Parents or carers should work closely with the principal and school to determine how the school will support the student to effectively manage their diabetes. Upon school enrolment or at diagnosis, parents or carers should provide the school with the student’s diabetes management plan.
The diabetes management plan should be used to inform the types of supports the school may put in place to assist the student’s participation in school activities. These supports should be discussed and agreed upon by the principal , the student’s parents or carers, and student (where appropriate). Once these supports and reasonable adjustments are agreed, the school will implement the measures to support the student at school.
Parents or carers need to give appropriate consent to enable school staff to provide students with the support and assistance required to effectively implement the diabetes management plan. This consent gives authorisation for school staff, including the designated staff member, to provide the physical support necessary to carry out key tasks in supporting a student’s diabetes management. >> Read More
Reasonable adjustments are supportive actions that schools are required to make to support a student’s diabetes management so they may participate fully in school life and reach their full learning potential. Reasonable adjustments are often required to ensure that students with diabetes don’t miss out on opportunities at school. Schools have an obligation to agree upon these adjustments with a student’s parents or carers, and to implement them in a way that helps support the student’s needs as set out in the diabetes management plan. >> Read More
It is important that parents or carers and schools work together and agree on what diabetes support the student needs during school times. Often, the level of support that may be provided to help manage a young person’s diabetes at home, cannot be reasonably provided in the school environment because of the responsibility that school staff have for all students under their care.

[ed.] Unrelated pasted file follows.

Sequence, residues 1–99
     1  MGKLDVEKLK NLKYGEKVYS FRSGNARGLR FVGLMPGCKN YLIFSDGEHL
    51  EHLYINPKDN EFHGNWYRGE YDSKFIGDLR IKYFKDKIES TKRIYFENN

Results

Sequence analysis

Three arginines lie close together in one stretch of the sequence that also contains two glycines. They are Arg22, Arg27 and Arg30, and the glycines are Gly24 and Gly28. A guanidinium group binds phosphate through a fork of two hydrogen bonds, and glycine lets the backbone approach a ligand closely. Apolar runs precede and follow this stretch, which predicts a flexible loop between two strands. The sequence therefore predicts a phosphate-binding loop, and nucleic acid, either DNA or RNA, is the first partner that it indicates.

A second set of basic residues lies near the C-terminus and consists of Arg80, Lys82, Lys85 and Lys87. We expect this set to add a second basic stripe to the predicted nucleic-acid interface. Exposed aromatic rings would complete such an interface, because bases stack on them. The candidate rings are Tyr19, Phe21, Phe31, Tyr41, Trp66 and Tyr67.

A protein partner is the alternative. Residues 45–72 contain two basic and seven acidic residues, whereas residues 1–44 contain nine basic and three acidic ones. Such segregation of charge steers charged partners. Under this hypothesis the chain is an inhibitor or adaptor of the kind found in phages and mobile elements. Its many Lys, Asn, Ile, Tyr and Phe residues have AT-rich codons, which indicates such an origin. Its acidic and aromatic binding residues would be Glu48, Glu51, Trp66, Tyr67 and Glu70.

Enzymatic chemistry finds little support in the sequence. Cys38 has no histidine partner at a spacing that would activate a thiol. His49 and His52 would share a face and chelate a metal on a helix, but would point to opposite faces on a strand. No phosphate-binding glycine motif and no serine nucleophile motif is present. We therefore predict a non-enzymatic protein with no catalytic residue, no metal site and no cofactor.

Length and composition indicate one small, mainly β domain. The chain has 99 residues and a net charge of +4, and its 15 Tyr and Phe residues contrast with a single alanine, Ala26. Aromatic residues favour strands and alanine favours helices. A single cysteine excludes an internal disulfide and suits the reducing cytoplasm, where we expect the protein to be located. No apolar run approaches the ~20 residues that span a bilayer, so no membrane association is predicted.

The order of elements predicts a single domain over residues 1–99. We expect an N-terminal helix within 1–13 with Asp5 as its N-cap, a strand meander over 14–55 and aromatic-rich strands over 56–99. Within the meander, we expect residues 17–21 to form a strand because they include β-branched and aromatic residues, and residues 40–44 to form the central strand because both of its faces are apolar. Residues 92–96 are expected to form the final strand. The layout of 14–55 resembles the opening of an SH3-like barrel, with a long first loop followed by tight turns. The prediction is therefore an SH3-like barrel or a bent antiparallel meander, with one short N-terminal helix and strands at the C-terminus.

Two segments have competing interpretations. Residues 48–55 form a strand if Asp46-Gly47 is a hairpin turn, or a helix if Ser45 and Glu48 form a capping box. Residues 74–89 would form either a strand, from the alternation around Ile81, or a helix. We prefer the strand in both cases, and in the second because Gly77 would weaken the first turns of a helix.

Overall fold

There may be times when the school and the parents have different ideas about the level of support needed in the school environment, or the adjustments that should be made. In some instances, it may not be possible for everyone to agree completely on this.
Issues can occasionally arise because of miscommunication between the school and the parent. If there is a disagreement that cannot be resolved between the child’s diabetes treating team, parents or carers, and the school’s leadership, it may need to be escalated to more formal mediation processes.
Most state and territory Departments of Education, Catholic Education Commissions and Independent school associations have formal processes to facilitate disagreements between parents and schools.
Checklists and guides are available to help parents and carers through whatever stage they’re at with a child’s type 1 diabetes diagnosis.
Training during Covid-19
If your school needs more support you can refer school staff to this website Even during COVID-19 the Diabetes in Schools program has continued to offer a free, easily accessible…